President Donald Trump reached for poetry and conjured a vision of common national purpose Tuesday during his first address to Congress, shifting his tone from the dark, searing approach of his previous big speeches to the nation.
Trump adopted a statesmanlike cadence, hitting notes of inspiration. For once, this most unorthodox of politicians struck a conventional presidential posture as he sought to stabilize his administration after a tumultuous five weeks in office.
Though his language was more lofty and unifying than normal, Trump gave little quarter on the substance of his policies on issues ranging from trade, defense, immigration and counterterrorism. The result was a populist, nationalistic prescription that he said would yield “a new chapter of American greatness.”
“From now on, America will be empowered by our aspirations, not burdened by our fears, inspired by the future, not bound by failures of the past, and guided by a vision, not blinded by our doubts,” Trump said, from the Speaker’s rostrum in the House of Representatives.
During a vitriolic campaign and a raucous start to his term, Trump has done little to reach beyond his base of deeply committed voters who revile the kind of political elites that the President was staring down as he spoke on Tuesday.
But, beset by the lowest approval ratings of any new commander-in-chief of modern times, Trump made a palpable effort to court voters who didn’t support him with an offer to lay down the battles of the past. In fact, his address ticked almost all the boxes of a traditional State of the Union style appearance.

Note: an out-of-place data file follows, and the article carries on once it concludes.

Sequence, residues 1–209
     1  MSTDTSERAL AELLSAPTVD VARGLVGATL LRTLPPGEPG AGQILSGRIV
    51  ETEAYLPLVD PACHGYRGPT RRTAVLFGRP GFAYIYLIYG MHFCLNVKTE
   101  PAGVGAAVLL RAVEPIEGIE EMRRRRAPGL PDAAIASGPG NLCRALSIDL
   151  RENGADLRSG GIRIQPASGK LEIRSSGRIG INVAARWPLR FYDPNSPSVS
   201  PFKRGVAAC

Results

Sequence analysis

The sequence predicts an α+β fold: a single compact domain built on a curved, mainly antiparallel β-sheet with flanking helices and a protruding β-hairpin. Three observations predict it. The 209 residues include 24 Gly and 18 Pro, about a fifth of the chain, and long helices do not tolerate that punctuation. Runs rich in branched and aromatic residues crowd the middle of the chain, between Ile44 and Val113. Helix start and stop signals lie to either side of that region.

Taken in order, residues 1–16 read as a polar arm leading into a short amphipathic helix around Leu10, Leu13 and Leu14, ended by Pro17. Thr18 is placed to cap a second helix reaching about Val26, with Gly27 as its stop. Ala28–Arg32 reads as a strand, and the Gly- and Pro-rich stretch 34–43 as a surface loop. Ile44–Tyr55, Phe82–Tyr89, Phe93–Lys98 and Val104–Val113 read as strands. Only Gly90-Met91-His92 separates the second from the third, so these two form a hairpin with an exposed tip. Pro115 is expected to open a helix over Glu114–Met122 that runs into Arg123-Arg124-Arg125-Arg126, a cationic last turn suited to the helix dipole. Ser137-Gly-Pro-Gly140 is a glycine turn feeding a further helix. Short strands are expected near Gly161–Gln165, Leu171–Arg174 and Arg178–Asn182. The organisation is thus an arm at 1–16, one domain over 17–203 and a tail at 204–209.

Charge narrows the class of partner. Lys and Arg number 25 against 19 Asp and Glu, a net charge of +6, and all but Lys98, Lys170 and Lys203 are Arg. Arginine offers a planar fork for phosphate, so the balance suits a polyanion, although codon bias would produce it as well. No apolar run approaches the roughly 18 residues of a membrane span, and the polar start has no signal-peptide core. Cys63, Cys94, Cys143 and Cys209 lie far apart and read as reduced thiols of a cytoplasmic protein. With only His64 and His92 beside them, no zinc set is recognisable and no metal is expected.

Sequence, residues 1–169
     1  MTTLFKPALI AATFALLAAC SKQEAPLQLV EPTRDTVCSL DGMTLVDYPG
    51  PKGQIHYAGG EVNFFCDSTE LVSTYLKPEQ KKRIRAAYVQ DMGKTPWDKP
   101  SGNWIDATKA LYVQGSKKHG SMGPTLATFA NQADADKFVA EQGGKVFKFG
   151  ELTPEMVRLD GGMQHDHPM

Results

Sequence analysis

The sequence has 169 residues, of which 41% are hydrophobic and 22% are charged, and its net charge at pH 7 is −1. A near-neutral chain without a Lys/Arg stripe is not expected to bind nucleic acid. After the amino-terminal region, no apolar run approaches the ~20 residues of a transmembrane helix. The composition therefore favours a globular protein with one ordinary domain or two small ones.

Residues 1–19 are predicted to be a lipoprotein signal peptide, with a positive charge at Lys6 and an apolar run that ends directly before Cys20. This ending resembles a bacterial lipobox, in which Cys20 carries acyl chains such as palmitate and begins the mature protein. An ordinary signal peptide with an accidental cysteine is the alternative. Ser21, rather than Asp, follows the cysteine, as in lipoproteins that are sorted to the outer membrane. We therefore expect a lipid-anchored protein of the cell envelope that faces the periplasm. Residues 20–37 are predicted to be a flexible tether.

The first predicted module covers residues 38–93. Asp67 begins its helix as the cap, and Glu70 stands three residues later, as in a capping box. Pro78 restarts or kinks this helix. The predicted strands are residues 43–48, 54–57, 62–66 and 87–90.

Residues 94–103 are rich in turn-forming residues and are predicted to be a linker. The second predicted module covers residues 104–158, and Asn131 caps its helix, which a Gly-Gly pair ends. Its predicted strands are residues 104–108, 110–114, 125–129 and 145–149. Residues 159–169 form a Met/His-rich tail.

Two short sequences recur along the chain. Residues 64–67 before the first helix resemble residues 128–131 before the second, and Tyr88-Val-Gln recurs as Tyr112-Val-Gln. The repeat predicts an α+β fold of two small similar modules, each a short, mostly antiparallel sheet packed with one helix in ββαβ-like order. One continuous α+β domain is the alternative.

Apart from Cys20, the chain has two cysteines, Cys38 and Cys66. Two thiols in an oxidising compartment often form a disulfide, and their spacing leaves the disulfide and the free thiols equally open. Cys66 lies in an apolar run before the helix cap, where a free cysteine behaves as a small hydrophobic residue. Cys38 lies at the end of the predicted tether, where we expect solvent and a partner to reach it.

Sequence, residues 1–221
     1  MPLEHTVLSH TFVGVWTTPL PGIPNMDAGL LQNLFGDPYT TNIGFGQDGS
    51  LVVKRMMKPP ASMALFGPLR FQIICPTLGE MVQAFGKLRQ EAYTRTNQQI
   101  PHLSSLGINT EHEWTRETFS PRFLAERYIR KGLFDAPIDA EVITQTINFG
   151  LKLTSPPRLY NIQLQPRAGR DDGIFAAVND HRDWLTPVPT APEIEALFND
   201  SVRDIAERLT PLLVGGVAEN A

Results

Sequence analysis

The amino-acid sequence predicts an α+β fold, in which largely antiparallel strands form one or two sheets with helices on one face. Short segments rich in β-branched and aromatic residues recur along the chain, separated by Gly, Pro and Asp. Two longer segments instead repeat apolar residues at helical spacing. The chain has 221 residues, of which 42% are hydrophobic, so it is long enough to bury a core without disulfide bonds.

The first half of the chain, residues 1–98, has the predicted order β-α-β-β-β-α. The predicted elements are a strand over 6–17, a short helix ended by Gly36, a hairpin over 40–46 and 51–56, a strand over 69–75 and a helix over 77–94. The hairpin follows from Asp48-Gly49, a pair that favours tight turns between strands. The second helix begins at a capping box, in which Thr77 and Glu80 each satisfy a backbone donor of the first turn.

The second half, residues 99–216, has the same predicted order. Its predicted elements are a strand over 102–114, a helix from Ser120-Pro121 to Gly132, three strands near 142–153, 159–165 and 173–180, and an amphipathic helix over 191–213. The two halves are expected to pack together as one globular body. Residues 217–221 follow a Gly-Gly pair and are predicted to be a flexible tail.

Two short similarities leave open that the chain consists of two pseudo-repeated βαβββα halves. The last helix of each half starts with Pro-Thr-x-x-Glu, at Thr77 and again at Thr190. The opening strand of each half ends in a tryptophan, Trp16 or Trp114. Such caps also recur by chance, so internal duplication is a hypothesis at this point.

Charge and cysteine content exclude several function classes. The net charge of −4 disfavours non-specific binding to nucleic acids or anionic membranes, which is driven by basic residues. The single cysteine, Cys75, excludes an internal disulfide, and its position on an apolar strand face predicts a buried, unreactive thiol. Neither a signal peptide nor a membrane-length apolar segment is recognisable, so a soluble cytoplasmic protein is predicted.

“I am asking all citizens to embrace this renewal of the American spirit. I am asking all members of Congress to join me in dreaming big, and bold, and daring things for our country,” Trump said. “I am asking everyone watching tonight to seize this moment. Believe in yourselves. Believe in your future. And believe, once more, in America.”
It was an uplifting and unifying message that many Americans have rarely heard from Trump, who argued “the time for trivial fights is behind us.”
While Trump is not solely responsible for the coarsening of political life, his brash, Twitter-fueled approach has rocked the nation’s politics. The question now is whether the President was previewing a new, more sober political persona or whether he will return to his old habits.
The change in his tone was evident from the first moments of his speech when he condemned the recent spate of threats against Jewish community centers, vandalism at Jewish cemeteries and the shooting of two Indian men in Kansas.